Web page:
Our magnificent pipe organ, situated in the Rodin Gallery at the Legion of Honor and integrated into the museum’s architecture, resonates through the galleries weekly during free Saturday concerts. The organ was built in 1924 by the Ernest M. Skinner Organ Company of Boston. It was given to the Legion for its opening in 1924 by John D. Spreckels in honor of his brother Adolph, who cofounded the museum with his wife, Alma de Bretteville Spreckels.
Working with Legion of Honor architect George Applegarth (1875 – 1972), Ernest M. Skinner (1866 – 1960) developed a customized plan to accommodate the 4,526 pipes seamlessly within the structure of the museum. The sound permeates the building primarily through canvas painted to resemble stucco, found in the ceiling of the Rotunda and in the apse and East wall of the central Rodin Gallery. The impressive walnut, ivory, and ebony console, along with the comprehensive range of stops and additional effects, make this one of the world’s finest organs, comparable with Skinner’s organs at the Cathedral of St. John the Divine in New York City and Washington Cathedral in the nation’s capital.
The instrument encapsulates Skinner’s philosophical approach to organ music. Classically, organ builders sought to emphasize clarity and counterpoint (separate voices moving in conjunction with each other — typical of the music of Bach); however Skinner championed reproducing the rich, full sound of an entire orchestra, capturing its bold symphonic layering of strings, horns, reeds, and even percussion. The sound is meant to resonate in a nondirectional manner, creating music that seems to float, saturating the space with its presence. Through a legacy of great instruments (beginning in 1901), Skinner left an indelible mark on American cultural history, implementing innovations that almost single-handedly raised the organ to the premier status it gained in the first half of the 20th century.
- An organ is an acoustic wind instrument.
- The organ’s pipes range in size from one-half inch to 32 feet.
- The apse in the Rodin Gallery is lined with thin cloth, painted to look like stucco in order to allow the organ to “speak” through the fabric.
- Three high pressure turbines with a total of 48 horsepower provide the main wind supply for the organ’s pneumatic system.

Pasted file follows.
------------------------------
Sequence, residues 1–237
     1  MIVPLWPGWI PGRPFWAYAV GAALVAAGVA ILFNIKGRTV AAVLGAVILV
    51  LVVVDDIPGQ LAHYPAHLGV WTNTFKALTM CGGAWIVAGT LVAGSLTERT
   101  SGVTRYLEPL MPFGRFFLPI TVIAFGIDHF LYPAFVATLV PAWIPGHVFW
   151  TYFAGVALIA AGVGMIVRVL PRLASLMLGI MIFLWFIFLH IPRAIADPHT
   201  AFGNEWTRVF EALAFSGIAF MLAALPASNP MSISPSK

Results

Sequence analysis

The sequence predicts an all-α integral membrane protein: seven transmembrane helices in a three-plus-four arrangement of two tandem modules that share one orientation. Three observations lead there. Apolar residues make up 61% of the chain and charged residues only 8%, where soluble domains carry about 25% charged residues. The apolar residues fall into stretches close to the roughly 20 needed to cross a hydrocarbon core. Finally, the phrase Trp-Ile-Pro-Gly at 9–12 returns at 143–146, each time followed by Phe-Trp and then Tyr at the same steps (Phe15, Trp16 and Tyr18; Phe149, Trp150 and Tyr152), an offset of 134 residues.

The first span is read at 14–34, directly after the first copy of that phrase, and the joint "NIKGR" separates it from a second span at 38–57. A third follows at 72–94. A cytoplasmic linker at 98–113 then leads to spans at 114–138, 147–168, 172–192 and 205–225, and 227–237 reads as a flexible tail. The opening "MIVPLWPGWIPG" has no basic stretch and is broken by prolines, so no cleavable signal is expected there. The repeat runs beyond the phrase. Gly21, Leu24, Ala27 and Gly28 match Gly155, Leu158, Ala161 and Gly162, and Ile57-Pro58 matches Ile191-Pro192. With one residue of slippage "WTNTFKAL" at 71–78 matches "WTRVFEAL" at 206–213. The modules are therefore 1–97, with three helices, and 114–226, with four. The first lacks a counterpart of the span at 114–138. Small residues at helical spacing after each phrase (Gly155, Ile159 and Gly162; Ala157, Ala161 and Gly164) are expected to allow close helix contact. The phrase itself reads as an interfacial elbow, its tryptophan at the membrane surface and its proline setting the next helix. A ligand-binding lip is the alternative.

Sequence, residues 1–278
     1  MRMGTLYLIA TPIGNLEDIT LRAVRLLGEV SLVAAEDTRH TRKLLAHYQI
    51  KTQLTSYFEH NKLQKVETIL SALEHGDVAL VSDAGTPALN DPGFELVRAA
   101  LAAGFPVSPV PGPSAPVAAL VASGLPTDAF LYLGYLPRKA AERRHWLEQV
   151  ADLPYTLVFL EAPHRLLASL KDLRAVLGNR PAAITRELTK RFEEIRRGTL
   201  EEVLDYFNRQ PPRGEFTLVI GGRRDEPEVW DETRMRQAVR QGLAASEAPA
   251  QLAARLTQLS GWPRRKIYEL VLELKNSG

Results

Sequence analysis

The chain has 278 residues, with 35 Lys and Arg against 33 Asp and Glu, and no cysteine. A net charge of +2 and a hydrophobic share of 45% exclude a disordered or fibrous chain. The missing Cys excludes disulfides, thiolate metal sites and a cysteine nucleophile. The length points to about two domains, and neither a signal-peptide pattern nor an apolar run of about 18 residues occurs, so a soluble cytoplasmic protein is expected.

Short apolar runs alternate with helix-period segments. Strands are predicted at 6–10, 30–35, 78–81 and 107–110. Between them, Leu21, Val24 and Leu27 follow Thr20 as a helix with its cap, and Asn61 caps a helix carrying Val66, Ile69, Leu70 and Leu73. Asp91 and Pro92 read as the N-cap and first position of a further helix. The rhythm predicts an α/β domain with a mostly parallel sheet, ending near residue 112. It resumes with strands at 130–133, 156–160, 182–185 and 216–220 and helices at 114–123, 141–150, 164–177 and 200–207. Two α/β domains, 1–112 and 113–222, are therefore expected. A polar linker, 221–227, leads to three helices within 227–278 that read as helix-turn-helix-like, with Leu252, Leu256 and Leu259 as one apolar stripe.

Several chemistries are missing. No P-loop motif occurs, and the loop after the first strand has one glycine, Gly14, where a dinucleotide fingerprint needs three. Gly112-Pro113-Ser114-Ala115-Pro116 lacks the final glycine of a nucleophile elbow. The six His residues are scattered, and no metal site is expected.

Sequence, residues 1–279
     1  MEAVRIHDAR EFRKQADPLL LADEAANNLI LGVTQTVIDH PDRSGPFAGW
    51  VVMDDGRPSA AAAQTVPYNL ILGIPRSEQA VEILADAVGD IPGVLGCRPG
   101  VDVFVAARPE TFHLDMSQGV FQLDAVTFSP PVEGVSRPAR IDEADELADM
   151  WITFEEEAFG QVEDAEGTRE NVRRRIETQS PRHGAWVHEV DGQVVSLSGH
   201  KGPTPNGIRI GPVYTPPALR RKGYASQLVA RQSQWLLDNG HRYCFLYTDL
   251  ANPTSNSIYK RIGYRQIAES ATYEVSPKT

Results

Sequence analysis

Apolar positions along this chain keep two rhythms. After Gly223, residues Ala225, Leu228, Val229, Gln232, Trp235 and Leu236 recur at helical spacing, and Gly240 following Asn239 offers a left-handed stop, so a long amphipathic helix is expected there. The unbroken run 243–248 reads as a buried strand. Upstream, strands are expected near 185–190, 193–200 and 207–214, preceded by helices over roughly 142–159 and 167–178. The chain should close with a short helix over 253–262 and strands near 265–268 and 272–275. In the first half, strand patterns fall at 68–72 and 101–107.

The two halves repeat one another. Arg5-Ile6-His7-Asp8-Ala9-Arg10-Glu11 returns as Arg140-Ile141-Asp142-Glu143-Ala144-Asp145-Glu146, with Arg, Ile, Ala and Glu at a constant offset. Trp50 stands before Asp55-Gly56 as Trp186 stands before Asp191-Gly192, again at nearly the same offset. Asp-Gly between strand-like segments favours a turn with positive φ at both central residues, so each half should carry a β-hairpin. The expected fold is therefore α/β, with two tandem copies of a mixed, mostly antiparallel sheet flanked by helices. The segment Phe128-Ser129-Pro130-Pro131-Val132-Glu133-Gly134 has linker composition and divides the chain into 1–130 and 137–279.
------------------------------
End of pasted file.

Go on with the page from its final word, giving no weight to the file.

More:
- Skinner was famous for building organs with the capacity to imitate orchestral colors, such as the English horn, clarinet, French horn, and oboe.
- The organ includes percussion instruments, a set of large tubular chimes, and a thunder pedal.
- The organ’s console is made of walnut, with ivory and ebony keys and stops.
- During the 1990’s renovation, the Arch Clarion’s original 44 note compass was increased to 61 notes, completing the rank for the first time in the organ’s history.
- The frieze over the main entrance to the museum can be cranked open on rails so that the music flows out into the Court of Honor. Therefore, this is possibly the first organ in the world that can be considered “indoor/outdoor.”
About the organist
Jonathan Dimmock is a recitalist, accompanist, ensemble musician, nonprofit founder, and writer. A graduate of Oberlin and Yale, he was the first American to hold the prestigious position of Organ Scholar of Westminster Abbey. He has also served three American cathedrals: St. John the Divine in New York, St. Mark’s in Minneapolis, and Grace in San Francisco. Jonathan lives in San Francisco where he is principal organist at the Legion of Honor, organist for the San Francisco Symphony, director of music at Congregation Sherith Israel, organ instructor at Sonoma State University, organ conservator of the Manuel Rosales Opus 16 at First Presbyterian Church in Oakland, and a regular freelance performer. He is cofounder of the highly acclaimed American Bach Soloists, founding director of Artists’ Vocal Ensemble, and founder and executive director of the Resonance Project. He is one of the few organists in the world to tour on six continents.
The Legion of Honor’s Spreckels Organ concerts are made possible, in part, with support from the Joseph G. Bradley Charitable Foundation.